Up to 85% of Social Security becomes taxable when all your other income plus 1/2 your social security, reaches:
Married Filing Jointly: $32,000
Single or head of household: $25,000
Married Filing Separately: 0
If you only get ssi or SS or SSDI it is not taxable and you do not have to file a return. And there is no benefit in claiming dependents or deductions. Unless you have federal income taxes withheld from the benefits or you get health care insurance through one of the state marketplace exchanges and receive a Form 1095-A then you need to file a tax return.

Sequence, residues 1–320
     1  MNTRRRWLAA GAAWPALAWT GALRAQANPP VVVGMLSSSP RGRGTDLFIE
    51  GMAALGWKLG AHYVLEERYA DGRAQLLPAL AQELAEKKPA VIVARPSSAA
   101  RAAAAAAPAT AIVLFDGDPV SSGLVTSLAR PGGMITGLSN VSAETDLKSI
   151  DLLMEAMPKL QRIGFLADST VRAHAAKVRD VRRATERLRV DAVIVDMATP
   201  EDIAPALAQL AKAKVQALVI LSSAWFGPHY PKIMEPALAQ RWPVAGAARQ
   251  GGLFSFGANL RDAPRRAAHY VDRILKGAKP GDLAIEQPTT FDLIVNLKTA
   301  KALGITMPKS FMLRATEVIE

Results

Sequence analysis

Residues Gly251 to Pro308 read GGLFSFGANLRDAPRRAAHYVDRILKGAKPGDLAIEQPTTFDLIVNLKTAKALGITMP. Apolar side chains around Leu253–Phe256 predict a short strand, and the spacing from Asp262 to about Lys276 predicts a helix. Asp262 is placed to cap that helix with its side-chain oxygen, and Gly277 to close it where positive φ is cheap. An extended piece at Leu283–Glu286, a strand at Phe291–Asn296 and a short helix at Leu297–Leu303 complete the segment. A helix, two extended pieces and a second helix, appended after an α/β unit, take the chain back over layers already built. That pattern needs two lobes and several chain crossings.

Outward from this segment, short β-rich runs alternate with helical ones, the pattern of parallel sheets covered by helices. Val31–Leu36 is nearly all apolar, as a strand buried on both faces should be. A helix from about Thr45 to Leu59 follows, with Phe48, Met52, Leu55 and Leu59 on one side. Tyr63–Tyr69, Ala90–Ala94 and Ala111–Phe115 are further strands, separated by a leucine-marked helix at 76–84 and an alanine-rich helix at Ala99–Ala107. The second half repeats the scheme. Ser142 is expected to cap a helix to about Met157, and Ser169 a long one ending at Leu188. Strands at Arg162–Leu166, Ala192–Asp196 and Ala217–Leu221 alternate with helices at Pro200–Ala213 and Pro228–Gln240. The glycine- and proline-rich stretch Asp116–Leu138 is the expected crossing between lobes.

The previous reply from VolvoGirl is mostly correct for most people, but omits some details and variations - of which there are many.
I suggest using the IRS Interactive Tax Assistant, which walks you through a series of specific questions to determine whether or not your social security income is taxable, and if so, how much.
It is available at
You start the process by clicking the "Begin" button at the bottom of the screen.